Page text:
It was a classic Obama maneuver. He made a strong defense of our social programs and articulated a vision of a generous America in contrast to the Republicans' stingy one. But then he largely went down a Republican path.
He started off beautifully. "Each one of us deserves some basic measure of security," he said. "We recognize that no matter how responsibly we live our lives, hard times or bad luck, a crippling illness or a layoff, may strike any one of us.... So we contribute to programs like Medicare and Social Security, which guarantee us health care and a measure of basic income after a lifetime of hard work; unemployment insurance, which protects us against unexpected job loss; and Medicaid, which provides care for millions of seniors in nursing homes, poor children, and those with disabilities. We are a better country because of these commitments. I'll go further -- we would not be a great country without those commitments."
He said, firmly, "I will not allow Medicare to become a voucher program that leaves seniors at the mercy of the insurance industry, with a shrinking benefit to pay for rising costs. I will not tell families with children who have disabilities that they have to fend for themselves."
And he did denounce the tax cuts that have gone "to every millionaire and billionaire in the country."
But then he accepted the Republican terminology of "fiscal responsibility" and the need "to live within our means, reduce our deficit, and get back on a path that will allow us to pay down our debt." He even said that the Republican goal of reducing the deficit by $4 trillion over the next 10 years was a worthy goal!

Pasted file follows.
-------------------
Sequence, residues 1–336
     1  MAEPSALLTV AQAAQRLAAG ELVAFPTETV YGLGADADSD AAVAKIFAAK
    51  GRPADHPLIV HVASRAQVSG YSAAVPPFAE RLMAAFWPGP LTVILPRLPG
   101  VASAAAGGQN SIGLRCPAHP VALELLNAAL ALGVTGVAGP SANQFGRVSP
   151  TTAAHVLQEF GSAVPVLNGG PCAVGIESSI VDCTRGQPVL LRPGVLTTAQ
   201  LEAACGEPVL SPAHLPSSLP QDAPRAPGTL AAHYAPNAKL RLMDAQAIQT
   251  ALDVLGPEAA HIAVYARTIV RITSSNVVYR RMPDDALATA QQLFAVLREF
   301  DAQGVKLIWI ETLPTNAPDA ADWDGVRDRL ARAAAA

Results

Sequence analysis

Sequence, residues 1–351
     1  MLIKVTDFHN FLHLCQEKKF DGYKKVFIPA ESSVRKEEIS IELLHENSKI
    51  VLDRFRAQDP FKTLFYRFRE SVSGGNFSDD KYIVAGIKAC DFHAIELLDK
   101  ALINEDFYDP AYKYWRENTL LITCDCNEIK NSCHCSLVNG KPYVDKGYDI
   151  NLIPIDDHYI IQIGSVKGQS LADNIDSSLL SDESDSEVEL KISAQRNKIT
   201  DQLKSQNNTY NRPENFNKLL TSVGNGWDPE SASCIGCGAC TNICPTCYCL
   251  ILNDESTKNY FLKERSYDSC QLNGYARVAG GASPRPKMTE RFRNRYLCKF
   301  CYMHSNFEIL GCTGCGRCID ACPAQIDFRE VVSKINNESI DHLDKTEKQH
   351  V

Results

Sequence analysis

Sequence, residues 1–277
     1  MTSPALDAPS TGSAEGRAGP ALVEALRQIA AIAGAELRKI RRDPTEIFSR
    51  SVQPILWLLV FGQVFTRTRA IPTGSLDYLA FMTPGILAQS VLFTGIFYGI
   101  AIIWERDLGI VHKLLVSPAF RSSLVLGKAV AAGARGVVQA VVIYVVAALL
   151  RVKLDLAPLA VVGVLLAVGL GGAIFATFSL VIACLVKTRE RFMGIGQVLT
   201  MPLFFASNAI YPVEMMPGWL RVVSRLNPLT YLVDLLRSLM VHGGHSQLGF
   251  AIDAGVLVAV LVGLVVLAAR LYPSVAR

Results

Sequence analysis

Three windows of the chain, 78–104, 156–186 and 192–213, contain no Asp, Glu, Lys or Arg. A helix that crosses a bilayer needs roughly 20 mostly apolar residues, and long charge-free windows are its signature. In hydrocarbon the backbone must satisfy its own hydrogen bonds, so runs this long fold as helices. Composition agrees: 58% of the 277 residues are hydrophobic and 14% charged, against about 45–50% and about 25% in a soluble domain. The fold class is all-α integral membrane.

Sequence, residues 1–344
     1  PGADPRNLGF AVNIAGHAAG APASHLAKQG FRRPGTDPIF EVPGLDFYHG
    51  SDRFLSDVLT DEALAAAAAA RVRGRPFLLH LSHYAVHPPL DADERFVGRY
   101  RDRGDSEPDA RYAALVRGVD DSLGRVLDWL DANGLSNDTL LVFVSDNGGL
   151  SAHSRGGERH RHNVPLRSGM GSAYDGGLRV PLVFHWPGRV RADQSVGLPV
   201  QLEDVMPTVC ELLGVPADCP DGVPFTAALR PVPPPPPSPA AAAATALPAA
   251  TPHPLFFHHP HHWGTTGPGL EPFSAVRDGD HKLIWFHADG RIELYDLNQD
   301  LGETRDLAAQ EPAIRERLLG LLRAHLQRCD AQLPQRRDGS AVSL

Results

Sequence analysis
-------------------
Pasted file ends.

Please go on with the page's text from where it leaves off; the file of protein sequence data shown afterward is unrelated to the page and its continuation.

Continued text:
With unemployment still at 8.8 percent (that's 13.5 million Americans officially out of work, and millions more unofficially), this is not the time to focus attention on reducing the deficit and paying down our debt. We are not suffering because of the deficit and the debt today; we're suffering because people are out of work and being thrown out of their homes.
"The fundamental problem in our country right now is unemployment and a jobs crisis, not a deficit crisis," as Deepak Bhargava, executive director of the Center for Community Change, an advocacy group for the poor, told the Washington Post.
Obama also conceded, with what he thought was a good joke, that raising taxes is always unpopular. "Without even looking at a poll, my finely honed political skills tell me that almost no one believes they should be paying higher taxes," he said.
Maybe he should have actually looked at a poll. Because here are three polls that show that Americans are willing to pay more in taxes.
One shows that 67 percent are "very willing or somewhat willing" to pay more for public education.
Another shows that 60 percent were willing to pay more for universal health care.
And yet another shows that 48 percent would be willing to pay higher taxes if the increase would fund environmentally friendly improvements in their community.
Obama did say he would refuse to renew the Bush tax cuts for the wealthiest (but he has said that before), and he proposed "limiting itemized deductions for the wealthiest 2 percent of Americans." (That's not likely to get through Congress.)
And to his credit, he did ask for "additional savings in our defense budget."
But he praised last week's budget deal, which Senator Bernie Sanders called "Robin Hood in reverse." Sanders noted that it included, among other things, a $390 million cut in the Low-Income Home Energy Assistance Program, a $35 billion cut in Pell grants, a $600 million cut in community health centers, and a $4.5 billion cut in the Children's Health Insurance Program. Yet Obama said he was going to "keep annual domestic spending low by building on the savings that both parties agreed to last week."
In fact, he was so obsessed with the deficit and the debt that he threw in some handcuffs. He included something he called "a debt failsafe," explaining: "If, by 2014, our debt is not projected to fall as a share of the economy -- or if Congress has failed to act -- my plan will require us to come together and make up the additional savings with more spending cuts and more spending reductions in the tax code."
What if the economy is still in the doldrums in 2014? This would guarantee a further slide.
If you liked this story by Matthew Rothschild, the editor of The Progressive magazine, check out his story "Republicans Don't Want to "Promote the General Welfare"."
Follow Matthew Rothschild @mattrothschild on Twitter.